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The World Library Book Beat Blog : What is the Most Important Book that has Ever Been Written?

by johnguagliardo 2. May 2012 19:02

The World Library Book Beat Blog
Volume 2, Number 5
Wednessday, May 02, 2012

by John Guagliardo
Founder, World Public Library

What is the Most Important Book that has Ever Been Written?


A few weeks ago, I was having a meeting with some visiting dignitaries that were in town for the APEC Conference and one of them asked me, “What is the most important work of literature there is?”. I thought about it for a few moments, and replied that “importance” is too subjective to each person, group, and culture. I pointed out that I couldn’t possibly wish that what was an important book to me would have to be of any importance to anyone else. Unfortunately, my guest was not going to be satisfied with my reply. I am sure they all felt it to be too vague and noncommittal.

Thus, I would have to say that “importance” in this case is equivalent to “influence”, meaning that what makes a book important is, first, its influence on the readers of the book, and consequently, influence in world events.

One could make an argument that for each period in history there was an event that was the catalyst of the period, and that quite often a book was the influencing factor behind the event. I guess that the old saying, “The pen is mightier than the sword”, does have some truth to it.

Sometime ago, I came across a list of the 100 Most Influential Books of All Time. It is a fantastic list of books. Each and every book in the list is arguably just as important as the next one in forming the world as we know it.

Think about it, Einstein’s Principles of Relativity, formed the core set of principles that modern-day physics and technology is based on, yet without Newton’s Laws of Motion Einstein could not have written his theory. It would be almost impossible to say which one is more important. The interconnectivity of literary thoughts and scientific theories is what enables succeeding generations to build their worldviews. I mean how can we say that Galileo’s Dialogue Concerning the Two Chief World Systems is less important than Charles Darwin's Theory of Evolution.

However, if I had to name a book, I would have to say, there is only one book, or collection of works, that had especial influence for me. That is to say, after studying these works, I had to go back and re-examine what I had previously thought of as certainties. It led me to a significant change in my perception of history and the world. For me, I would say it is the Dead Sea Scrolls.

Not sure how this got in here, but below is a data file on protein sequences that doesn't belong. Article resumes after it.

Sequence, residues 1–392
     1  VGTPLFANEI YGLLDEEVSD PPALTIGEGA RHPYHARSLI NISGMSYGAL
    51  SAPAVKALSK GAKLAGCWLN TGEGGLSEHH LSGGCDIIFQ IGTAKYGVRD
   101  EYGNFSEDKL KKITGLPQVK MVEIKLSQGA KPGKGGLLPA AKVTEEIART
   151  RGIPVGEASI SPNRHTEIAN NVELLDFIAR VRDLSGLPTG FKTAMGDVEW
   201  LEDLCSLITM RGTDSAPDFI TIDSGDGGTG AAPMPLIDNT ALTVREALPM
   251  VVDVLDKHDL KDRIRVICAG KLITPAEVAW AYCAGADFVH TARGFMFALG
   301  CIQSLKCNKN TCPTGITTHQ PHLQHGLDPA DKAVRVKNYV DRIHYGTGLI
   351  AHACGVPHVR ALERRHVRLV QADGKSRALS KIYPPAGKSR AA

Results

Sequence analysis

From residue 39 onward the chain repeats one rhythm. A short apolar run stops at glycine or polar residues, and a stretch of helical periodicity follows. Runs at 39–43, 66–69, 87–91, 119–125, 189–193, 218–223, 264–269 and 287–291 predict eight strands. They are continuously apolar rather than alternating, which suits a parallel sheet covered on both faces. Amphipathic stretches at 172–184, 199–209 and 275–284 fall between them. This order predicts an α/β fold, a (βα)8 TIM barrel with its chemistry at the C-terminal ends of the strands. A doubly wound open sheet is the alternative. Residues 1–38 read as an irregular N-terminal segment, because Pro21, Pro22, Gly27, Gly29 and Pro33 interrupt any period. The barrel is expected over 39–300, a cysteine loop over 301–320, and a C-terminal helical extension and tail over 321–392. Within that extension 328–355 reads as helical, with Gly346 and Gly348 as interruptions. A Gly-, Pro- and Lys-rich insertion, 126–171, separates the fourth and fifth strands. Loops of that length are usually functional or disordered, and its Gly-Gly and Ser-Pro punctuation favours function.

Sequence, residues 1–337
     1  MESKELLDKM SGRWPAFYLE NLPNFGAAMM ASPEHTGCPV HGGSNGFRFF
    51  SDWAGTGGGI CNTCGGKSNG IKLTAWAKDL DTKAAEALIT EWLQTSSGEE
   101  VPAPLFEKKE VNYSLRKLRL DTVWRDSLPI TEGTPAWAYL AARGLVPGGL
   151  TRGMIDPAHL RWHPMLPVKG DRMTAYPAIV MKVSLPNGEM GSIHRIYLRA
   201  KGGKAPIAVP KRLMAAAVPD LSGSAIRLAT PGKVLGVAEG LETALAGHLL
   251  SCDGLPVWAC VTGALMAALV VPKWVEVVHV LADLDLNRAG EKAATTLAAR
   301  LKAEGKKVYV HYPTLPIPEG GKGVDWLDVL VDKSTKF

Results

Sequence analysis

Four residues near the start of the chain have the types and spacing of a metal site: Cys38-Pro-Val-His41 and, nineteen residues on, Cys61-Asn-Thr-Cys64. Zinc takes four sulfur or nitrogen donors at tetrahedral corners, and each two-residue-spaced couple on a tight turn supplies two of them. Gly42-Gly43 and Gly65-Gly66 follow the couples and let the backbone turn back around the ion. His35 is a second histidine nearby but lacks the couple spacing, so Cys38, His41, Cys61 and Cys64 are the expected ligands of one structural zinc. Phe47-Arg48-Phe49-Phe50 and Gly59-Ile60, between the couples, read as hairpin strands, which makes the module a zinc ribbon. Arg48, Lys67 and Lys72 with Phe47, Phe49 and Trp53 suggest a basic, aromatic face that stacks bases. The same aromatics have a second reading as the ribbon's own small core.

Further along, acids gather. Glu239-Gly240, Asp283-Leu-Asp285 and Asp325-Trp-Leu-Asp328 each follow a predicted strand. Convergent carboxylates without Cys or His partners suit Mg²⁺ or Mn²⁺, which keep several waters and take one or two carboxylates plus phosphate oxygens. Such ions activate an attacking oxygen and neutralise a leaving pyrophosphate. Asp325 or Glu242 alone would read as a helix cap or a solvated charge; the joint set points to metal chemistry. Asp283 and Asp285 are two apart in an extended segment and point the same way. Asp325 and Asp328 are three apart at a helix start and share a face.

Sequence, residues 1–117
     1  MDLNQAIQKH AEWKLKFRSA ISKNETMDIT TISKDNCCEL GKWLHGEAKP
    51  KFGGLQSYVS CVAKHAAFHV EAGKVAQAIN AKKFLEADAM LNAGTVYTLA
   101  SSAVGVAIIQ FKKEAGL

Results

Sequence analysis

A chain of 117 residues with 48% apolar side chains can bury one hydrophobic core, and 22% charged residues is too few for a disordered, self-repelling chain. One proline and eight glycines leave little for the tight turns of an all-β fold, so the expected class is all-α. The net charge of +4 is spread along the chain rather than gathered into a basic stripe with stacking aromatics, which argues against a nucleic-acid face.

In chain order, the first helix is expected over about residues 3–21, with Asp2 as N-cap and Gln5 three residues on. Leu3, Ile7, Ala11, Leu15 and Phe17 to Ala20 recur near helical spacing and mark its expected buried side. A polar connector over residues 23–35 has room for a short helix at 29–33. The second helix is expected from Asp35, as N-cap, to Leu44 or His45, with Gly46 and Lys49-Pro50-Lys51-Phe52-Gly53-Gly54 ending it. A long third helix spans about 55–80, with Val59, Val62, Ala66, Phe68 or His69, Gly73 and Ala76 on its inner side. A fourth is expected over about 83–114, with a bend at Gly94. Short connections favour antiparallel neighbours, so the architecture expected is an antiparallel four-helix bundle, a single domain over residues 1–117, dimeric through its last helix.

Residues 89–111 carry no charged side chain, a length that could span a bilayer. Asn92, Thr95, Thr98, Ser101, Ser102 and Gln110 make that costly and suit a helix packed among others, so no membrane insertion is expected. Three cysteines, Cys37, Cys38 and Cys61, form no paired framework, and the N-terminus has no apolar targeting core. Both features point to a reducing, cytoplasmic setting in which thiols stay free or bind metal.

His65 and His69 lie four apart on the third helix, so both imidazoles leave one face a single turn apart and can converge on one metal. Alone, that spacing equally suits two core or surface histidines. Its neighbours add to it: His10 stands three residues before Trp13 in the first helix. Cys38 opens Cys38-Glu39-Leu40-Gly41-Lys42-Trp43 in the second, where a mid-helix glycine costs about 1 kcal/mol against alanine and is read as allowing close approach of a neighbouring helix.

I realize that might seem illogical, because for the most part they were unknown for two thousand years (the discovery occurring from 1947-1956), and therefore, being so recent, it could not yet have had significant enough influence on the world as we know it today. Additionally, after their discovery not much more than a few academic papers have been written about them. However, for me, the Dead Sea Scrolls changed my world. And did so by profoundly influencing a change in the way I viewed books and works I had previously read. And, I now had to go back and re-examine and re-read many canonical works with a different critical read than before.

When I think of the events of the First Council of Nicaea in 325 AD, the selection of Gospels that was to form the New Testament, I can’t help but think of how things would have turned out differently if The Gospel of Judas or The Gospel of Mary were included.

I don’t know if I had surprised my guests by choosing the Dead Sea Scrolls as my answer, or if they had thought that I was just trying to be politically correct. Either way, I encourage others to take a fresh look at these precious finds and enjoy the possibilities that the discovery of these scrolls may signify.